Caps Get Mascaro, Pitcher Rod Owen
[Vancouver Province, March 27, 1953]
HEALDSBERG, Calif.—Vancouver Caps’ general manager Dewey Soriano is gradually plugging the gaps in the roster of his 1953 Western International League baseball entry.
Soriano added an outfielder and a pitcher today, and reported that another pitcher he hadn’t especially counted on will probably be back.
The new outfielder is big Frank Mascaro, whom he’s obtained on option from San Francisco Seals. Mascaro, a fast man with a good arm, played for Dewey at Sacramento in 1950, batting .348.
OWEN LOOKS GOOD
The mound staff addition is a Vancouver boy, Rod Owen, who had a whirl with the Caps once begore. Owen, according to Soriano, has “looked good” in workout with Seattle Rainiers. He’ll be one of at least six players the Rainiers will leave behind after their exhibition game with San Francisco here tonight.
Likely returnee is pitcher Bud Guldborg, who’s been working out with ‘Frisco. Guldborg had said he didn’t want to play for Vancouver this year, but Soriano says he talked to him and changed his mind. Bud will be back, he says, if he doesn’t make the Coast League team.
BOWEN CHECKS IN
Besides the six Rainiers who’ll be left here—pitchers Pete Hernandez, Dale Thomason and Owen; catchers Sam Hairston and Jack Johnson, and shortstop Chuck Davis—first base candidate Ron Bowen is also on the premises for tomorrow’s official camp opening.
The B.C. contingent—trainer-pitcher Carl Gunnarson and five youngsters—has arrived, too.
Pries Keeps Record as Manager Intact
[Victoria Colonist, March 27, 1953]
Don Pries kept his record as a manager intact yesterday when his pick-up team eked out a 4-3 win over a team managed by Chuck Abernathy in an inter-squad game at the Victoria Tyee training camp at Sonoma, California.
Pries, who played third base, drove in the winning run with a single in the sixth inning.
Zeb Walker did the hurling for the winners with Manny Tornay as his batterymate. The infield was rounded out by Joe Ciardy at first, Bill Mosseau at second and Ron Odekirk at shorstop. Ralph Branting, Gail Taylor and Walt Tyler comprised the outfield.
Abernathy selected Negro southpaw Ron Washington as his moundsman, Sam Brusa was behind the plate with Abernathy at first, Dave Brien at second, Don Canulie at short and Wes Crossley at third. Bill Prior, Cec Garriott and Ron Wainright formed the outfield.
Raiding Charges Laid by Spokane Boss
SPOKANE, March 26—The Spokane Indians have accused an Oregon semi-pro baseball league of “raiding” top players from the Western International League “with fabulous offers,” and propose an emergency WIL meeting to combat it.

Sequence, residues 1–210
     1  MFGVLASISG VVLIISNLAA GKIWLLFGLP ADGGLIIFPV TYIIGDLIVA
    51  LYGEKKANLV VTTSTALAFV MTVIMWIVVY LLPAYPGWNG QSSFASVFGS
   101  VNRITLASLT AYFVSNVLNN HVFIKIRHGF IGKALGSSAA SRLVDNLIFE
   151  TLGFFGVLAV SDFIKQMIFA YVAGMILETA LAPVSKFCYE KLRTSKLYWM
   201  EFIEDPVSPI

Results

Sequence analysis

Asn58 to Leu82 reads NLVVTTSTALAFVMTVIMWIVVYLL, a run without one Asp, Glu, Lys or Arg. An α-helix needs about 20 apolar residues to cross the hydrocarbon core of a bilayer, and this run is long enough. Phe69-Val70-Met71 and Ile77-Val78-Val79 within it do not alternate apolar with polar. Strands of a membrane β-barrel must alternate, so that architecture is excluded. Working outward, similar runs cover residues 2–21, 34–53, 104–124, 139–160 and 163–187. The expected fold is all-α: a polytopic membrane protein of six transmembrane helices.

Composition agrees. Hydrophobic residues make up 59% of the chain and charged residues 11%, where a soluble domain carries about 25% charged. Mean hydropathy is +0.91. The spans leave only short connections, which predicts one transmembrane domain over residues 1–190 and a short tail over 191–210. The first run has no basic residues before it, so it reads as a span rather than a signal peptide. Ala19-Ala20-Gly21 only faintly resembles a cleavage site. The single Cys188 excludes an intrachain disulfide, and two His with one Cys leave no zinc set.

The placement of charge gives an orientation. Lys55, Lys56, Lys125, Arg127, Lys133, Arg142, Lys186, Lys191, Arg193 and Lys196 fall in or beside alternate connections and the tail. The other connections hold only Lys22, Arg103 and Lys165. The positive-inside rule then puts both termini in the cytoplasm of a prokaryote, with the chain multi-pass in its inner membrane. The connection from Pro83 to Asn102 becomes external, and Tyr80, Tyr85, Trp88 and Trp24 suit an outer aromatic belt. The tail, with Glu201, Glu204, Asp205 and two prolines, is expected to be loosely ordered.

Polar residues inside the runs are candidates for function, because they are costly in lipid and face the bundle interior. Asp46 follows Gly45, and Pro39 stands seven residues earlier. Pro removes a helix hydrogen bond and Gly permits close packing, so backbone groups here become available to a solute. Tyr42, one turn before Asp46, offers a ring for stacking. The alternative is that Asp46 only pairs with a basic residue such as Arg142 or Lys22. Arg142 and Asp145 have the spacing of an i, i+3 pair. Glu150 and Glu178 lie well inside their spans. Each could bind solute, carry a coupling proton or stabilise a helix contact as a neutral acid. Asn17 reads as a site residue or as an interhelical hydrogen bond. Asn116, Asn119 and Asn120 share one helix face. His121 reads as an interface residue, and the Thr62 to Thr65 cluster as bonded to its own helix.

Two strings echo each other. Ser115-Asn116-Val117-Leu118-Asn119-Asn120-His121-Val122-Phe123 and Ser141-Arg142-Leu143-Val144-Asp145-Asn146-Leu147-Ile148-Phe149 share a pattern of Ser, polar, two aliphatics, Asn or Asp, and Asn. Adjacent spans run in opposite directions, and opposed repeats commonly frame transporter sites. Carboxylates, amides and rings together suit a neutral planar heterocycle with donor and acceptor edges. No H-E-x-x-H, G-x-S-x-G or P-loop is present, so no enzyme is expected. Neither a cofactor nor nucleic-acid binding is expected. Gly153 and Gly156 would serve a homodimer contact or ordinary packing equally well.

“This is just as serious as it was for the major leagues when their star players were jumping their contracts and playing in Mexico,” said Don Osborn, general manager of the Spokane Club, Friday.
He didn't identify the semi-pro league but said its teams are sponsored by lumber companies which “sit like vultures” waiting to pick off professional players with offers that even the pros can't match.
Lumbermen Own Clubs
The Southwestern Oregon semi-pro league has been referred to as “the sawdust league” because of lumber company sponsors.
Osborn made his comments in a letter to Bob Brown, president of the W.I.L. A copy was sent to George Trautman, president of the National Association of Baseball Leagues—the minors—and another copy was given the press.
Osborn, who is also Spokane's field manager, mentioned specifically the case of Cal McIrvin, a pitcher-infielder obtained from Portland who was expected to be a key man in the Indians' 1953 plans.
McIrvin has said he will not report to Spokane this year but has accepted an offer to join the Bandon, Ore., semi-pro team instead. Osborn said his decision will cost the Indians $5000.
McIrvin was to be the last installment on a player deal that sent catcher Joe Rossi to Portland of the Pacific Coast League in 1950.
Cost Is High
“This league is costing WIL owners thousands of dollars,” Osborn said. He claimed that probably every team in the WIL has been affected by the semi-pro league in the last few years.
Osborn said organized baseball spends “thousands of dollars” developing a player and that the semi-pros step in when the players are ready to be sold to a AAA league or the majors.
“There is no legislation, in organized ball to protect this investment,” he said. “The WIL owners should not let this go on. Some legislation should be made such as the majors did when their players were enticed into Mexico.”
Major league players who “jumped” to the high-paying Mexican league after the war drew five-year suspensions from U.S. leagues.
Osborn said Ward Rockey, a former Spokane pitcher, quit the WIL several seasons ago for the semi-pros and that he has information the Oregon league is seeking two other Spokane players.
At Bandon, Ore., Bill Burgher, manager of the Bandon team in the Southwestern Oregon semi-pro loop, called the complaint “nonsense.”
Burgher said security, not pay, was the lure. The whole trouble was low pay in pro ball for players “who aren't going anywhere.”
Most Bandon players, he said, are college students who work in the sponsoring lumber mill.
McIrvin, leading pitcher in the W.I.L. last year with a 13-4 record and a 2.28 earned run average for Victoria, has declined to report to Spokane this year. He will play for Bandon, where he said he could make "almost $1,000 a month."
The W.I.L. has a salary limit of $5,700 a month for 17 players, an average of $317.